“Beyond coordination, today’s technological capability permits organizations to leverage and focus public interest, talent, and energy through mass collaborative engagement to better understand and solve today’s challenges.”

“Advances in crowdsourcing have enabled multitudes of individuals to coordinate their efforts to contribute to a common goal.”

Yet, there is still untapped co-creation potential needed to solve the world’s complex problems.

“In the years to come, only an iterative process of learning will allow institutions to foster communities where individuals feel empowered to collaborate toward the creation of a better world.”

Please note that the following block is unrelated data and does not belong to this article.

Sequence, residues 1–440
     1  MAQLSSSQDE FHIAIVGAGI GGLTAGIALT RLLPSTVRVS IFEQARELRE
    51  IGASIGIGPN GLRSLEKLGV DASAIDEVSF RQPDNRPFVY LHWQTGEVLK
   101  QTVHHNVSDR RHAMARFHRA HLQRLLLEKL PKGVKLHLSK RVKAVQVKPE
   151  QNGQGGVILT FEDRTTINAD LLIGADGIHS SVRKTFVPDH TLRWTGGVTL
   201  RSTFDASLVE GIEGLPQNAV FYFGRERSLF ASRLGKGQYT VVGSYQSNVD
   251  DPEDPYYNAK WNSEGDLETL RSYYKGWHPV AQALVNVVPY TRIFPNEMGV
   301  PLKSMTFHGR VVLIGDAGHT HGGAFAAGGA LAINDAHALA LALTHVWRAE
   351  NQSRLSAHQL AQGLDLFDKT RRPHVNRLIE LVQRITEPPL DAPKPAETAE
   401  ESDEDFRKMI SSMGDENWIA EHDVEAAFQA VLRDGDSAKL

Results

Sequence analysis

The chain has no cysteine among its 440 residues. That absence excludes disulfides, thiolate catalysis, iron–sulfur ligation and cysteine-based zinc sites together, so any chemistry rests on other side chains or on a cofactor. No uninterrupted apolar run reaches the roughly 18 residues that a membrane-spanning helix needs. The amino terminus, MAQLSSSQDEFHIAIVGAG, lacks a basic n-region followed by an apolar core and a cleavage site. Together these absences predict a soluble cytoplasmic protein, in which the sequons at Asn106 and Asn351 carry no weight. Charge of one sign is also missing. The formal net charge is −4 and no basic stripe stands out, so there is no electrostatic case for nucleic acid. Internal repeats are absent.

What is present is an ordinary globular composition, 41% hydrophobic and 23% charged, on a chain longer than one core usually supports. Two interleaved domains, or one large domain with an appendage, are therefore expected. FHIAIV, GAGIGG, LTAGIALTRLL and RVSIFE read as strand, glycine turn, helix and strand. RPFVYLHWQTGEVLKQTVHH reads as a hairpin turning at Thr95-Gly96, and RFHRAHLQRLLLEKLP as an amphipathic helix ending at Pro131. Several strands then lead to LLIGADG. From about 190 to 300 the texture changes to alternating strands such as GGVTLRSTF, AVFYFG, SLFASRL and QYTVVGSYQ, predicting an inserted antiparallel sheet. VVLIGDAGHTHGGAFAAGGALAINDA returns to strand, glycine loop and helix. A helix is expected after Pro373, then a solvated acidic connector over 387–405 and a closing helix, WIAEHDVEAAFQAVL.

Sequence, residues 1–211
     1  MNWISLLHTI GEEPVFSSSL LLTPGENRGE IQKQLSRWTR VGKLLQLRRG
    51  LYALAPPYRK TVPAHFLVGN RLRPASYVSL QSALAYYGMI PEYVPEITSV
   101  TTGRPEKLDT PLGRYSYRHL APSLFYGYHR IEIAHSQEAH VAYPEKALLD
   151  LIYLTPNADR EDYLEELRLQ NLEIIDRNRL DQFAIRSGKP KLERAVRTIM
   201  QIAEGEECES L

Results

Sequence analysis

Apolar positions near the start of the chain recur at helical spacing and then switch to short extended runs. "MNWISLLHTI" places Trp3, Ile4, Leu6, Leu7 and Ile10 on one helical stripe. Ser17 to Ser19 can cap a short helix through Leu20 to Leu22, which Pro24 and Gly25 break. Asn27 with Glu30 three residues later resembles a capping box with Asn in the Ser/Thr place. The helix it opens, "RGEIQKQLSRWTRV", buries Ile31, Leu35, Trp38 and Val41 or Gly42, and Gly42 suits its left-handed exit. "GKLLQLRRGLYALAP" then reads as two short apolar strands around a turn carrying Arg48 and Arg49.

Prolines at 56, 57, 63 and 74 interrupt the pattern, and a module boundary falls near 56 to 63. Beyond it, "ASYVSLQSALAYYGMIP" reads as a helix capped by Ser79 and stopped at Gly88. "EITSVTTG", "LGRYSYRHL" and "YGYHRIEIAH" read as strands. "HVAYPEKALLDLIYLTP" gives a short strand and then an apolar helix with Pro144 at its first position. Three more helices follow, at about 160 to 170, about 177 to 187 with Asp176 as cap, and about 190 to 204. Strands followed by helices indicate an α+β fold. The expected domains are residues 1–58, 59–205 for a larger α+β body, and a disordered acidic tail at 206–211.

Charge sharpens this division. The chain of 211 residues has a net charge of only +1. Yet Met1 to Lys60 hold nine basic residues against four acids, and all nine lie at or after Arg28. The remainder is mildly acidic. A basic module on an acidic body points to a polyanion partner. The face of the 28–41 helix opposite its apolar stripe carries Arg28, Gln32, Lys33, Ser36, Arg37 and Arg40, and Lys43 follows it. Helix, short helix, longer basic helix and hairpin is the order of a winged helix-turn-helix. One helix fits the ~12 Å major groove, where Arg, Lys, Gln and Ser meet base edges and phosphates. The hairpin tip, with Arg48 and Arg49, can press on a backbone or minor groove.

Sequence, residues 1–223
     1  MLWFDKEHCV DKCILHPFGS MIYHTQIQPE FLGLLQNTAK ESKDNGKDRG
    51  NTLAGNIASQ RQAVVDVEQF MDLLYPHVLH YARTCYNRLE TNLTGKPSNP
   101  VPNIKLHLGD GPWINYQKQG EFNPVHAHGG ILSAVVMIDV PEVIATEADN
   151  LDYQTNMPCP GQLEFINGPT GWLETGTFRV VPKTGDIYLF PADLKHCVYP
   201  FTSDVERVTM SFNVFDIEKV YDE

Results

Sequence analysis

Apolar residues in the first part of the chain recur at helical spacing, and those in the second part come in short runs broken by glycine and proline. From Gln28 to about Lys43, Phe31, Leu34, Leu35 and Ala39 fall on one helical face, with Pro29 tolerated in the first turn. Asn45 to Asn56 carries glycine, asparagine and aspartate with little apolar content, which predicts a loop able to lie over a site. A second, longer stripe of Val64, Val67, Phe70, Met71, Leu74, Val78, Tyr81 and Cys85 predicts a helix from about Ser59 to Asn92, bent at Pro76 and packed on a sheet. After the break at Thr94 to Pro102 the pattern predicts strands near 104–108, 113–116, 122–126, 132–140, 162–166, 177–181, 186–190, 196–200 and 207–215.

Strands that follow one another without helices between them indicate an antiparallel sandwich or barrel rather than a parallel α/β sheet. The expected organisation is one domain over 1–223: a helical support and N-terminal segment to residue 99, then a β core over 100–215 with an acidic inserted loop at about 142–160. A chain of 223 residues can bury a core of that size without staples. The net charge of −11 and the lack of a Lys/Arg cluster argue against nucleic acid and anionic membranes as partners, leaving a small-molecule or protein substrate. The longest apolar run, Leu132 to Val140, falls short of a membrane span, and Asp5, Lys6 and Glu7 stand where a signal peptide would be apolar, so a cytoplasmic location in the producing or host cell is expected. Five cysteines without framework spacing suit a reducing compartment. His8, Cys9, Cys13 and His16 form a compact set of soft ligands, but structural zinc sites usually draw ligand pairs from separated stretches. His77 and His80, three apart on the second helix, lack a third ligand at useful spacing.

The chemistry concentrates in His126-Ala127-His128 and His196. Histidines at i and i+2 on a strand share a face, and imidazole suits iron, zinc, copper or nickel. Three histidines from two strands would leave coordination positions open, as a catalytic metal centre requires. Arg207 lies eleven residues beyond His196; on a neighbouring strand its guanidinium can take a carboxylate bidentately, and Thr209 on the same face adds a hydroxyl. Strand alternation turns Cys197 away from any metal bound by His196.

The purpose of Yellow Seed’s Collaborative Project is to improve trading relationships between buyers, farmers and intermediaries alike that:

  • Increases market access for small-scale cacao farmers.
  • Increases quality, diversity and supply of cacao bean sources available to buyers.
  • Promotes choice, agency and decision-making, empowering users to be active participants in the marketplace and in their communities.
  • Cultivates connections and relationships to build trust throughout the value chain.
  • Leverages trust and relationship as a way to assure quality and validate information.
  • Distributes responsibility of quality assurance and verification.
  • Enables conscious trade through transparency, sharing and efficient use of resources.
  • Facilitates learning when challenges or obstacles arise.